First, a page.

Today’s most commonly used sound spatialization techniques are based on the 2-channel stereophony. For panning sounds in the stereo image there are two main methods: time-difference and amplitude panning. The latter is mostly preferred by sound engineers due to the better stability of the stereo image. This contribution investigates the frequency dependency of amplitude-panning curves. This dependency had already been tested in the 1960s, where the results stated the amount of lateralization of a sound being affected by its spectrum. However, the listening experiments were performed with a small number of subjects and their results exhibited small consistency across different experiments. With today’s accurate measurement methods, we investigate this frequency dependency again in greater detail through listening experiments in an anechoic room. The direction of a frontal phantom sound source was evaluated by 21 mostly well trained listeners employing a multi-camera infrared tracking system. The phantom source was created by a pair of loudspeakers in a standard stereo setup (+/-30°) that played back the stimuli with different inter-channel level differences. The stimuli were pink noise bursts with various bandwidths: broad-band, low- and high-pass filtered, and third-octave bands at different frequencies. The results prove a significantly larger slope of the amplitude-panning curve for higher frequencies. Finally, the frequency dependency is incorporated in the recently presented generalized tangent law for amplitude panning.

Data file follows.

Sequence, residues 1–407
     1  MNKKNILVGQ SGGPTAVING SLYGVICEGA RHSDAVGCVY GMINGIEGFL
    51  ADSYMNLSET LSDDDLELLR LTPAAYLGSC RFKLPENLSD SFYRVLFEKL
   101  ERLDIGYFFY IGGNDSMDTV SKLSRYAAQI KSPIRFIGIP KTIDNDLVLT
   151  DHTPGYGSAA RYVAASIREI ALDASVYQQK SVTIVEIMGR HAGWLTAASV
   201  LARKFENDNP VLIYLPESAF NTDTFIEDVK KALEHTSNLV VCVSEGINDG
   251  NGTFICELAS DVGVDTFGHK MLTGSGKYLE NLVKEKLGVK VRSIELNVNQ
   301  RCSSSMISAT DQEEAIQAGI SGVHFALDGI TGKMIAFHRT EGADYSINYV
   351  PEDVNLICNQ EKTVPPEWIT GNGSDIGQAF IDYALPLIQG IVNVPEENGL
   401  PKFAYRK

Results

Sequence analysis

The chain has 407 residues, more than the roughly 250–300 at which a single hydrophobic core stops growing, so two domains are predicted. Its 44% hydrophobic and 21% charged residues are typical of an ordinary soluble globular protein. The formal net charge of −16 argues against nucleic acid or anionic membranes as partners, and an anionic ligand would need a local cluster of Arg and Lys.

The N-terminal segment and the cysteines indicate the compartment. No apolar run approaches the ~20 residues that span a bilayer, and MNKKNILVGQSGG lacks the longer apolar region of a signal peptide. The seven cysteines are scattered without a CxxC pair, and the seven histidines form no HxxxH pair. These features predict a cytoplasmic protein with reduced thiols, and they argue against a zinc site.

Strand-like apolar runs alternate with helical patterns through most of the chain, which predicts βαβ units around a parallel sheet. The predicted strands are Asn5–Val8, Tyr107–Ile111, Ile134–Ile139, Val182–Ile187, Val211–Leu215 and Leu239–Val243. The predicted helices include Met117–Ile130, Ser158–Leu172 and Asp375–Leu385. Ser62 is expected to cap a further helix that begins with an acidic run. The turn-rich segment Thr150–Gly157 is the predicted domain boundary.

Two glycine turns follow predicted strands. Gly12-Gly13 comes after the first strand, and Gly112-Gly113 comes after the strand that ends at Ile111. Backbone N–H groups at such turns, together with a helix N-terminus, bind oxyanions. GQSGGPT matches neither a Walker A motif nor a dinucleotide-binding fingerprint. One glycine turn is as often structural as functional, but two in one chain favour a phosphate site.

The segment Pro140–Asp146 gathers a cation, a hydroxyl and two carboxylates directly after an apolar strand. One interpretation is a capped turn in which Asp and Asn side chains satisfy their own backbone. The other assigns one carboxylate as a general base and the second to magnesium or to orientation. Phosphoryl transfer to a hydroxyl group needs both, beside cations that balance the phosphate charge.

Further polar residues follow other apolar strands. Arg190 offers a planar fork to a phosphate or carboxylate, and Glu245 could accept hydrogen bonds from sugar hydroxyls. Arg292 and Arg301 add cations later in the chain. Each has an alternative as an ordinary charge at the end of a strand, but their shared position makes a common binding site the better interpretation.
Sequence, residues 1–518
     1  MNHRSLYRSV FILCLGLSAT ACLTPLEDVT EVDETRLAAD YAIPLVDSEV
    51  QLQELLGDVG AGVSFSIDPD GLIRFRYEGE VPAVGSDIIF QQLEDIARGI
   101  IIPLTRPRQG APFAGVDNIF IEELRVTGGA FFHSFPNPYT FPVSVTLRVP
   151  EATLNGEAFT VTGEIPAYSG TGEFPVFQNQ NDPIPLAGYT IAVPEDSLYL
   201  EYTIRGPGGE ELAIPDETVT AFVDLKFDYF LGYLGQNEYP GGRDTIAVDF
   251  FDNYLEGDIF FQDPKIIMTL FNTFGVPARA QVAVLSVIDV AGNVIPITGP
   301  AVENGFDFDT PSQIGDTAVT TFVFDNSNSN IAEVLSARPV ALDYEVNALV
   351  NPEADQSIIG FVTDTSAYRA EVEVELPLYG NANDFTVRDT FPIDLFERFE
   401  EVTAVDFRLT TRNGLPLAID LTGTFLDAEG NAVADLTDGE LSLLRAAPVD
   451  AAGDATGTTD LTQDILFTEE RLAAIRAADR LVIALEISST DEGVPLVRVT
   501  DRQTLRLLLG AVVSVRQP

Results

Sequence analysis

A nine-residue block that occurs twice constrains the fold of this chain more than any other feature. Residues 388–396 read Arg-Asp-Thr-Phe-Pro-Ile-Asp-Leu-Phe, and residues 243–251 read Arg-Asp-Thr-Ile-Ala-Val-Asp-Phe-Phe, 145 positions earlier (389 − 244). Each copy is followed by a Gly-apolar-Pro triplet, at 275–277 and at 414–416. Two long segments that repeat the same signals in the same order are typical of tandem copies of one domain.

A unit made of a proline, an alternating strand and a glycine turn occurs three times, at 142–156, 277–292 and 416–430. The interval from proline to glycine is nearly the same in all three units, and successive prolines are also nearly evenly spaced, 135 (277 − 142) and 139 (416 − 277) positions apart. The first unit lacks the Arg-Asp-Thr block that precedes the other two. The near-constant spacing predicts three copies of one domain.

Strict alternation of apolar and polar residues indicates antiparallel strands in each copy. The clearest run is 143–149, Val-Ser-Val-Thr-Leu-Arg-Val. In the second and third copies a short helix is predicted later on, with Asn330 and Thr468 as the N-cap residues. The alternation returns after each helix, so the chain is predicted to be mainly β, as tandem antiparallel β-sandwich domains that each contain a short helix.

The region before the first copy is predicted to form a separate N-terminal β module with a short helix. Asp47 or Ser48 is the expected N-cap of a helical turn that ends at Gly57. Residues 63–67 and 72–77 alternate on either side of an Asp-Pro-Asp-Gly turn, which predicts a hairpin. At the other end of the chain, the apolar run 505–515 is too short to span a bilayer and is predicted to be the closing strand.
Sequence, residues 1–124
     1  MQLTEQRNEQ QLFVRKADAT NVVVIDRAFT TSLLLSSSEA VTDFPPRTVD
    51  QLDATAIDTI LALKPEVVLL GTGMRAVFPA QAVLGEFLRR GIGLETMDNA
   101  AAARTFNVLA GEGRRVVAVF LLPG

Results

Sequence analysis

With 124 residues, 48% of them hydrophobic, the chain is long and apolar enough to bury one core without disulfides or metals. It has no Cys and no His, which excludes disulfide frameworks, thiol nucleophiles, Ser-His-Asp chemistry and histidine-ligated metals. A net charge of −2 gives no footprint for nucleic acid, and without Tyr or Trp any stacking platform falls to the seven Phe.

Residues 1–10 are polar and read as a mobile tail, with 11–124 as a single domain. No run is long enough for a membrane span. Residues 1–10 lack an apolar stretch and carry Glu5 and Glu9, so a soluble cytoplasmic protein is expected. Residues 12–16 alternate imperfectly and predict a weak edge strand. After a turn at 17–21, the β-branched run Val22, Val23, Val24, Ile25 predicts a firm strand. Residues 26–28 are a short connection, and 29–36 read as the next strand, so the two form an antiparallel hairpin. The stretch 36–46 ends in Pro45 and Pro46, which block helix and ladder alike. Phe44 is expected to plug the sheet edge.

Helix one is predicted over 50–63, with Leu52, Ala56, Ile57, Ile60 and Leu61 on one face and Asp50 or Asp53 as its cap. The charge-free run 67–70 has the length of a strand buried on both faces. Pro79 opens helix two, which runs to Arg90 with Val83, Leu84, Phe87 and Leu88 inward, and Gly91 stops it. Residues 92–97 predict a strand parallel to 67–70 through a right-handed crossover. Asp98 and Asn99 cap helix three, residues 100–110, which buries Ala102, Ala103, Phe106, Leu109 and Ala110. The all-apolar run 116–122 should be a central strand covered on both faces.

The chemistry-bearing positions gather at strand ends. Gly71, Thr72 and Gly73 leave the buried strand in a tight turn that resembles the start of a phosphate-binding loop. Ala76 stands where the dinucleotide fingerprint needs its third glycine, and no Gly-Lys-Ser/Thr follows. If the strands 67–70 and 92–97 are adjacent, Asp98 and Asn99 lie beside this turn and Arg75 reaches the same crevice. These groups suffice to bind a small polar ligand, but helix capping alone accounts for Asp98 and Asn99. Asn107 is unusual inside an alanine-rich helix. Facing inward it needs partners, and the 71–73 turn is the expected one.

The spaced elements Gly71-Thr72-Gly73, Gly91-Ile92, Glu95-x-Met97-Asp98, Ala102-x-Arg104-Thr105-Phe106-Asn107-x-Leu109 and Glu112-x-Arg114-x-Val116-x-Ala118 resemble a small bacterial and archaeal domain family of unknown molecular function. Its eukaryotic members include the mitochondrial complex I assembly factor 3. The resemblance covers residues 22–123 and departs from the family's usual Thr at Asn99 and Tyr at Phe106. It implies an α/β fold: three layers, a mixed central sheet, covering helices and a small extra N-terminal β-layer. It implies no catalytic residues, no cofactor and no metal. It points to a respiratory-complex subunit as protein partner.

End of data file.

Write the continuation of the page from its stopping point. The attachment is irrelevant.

|Title of host publication||Tonmeistertagung 2016|
|Publication status||Published - Nov 2016|
|Event||29th Tonmeistertagung - VDT International Convention 2016 - Köln, Germany|
Duration: 17 Nov 2016 → 20 Nov 2016
|Conference||29th Tonmeistertagung - VDT International Convention 2016|
|Period||17/11/16 → 20/11/16|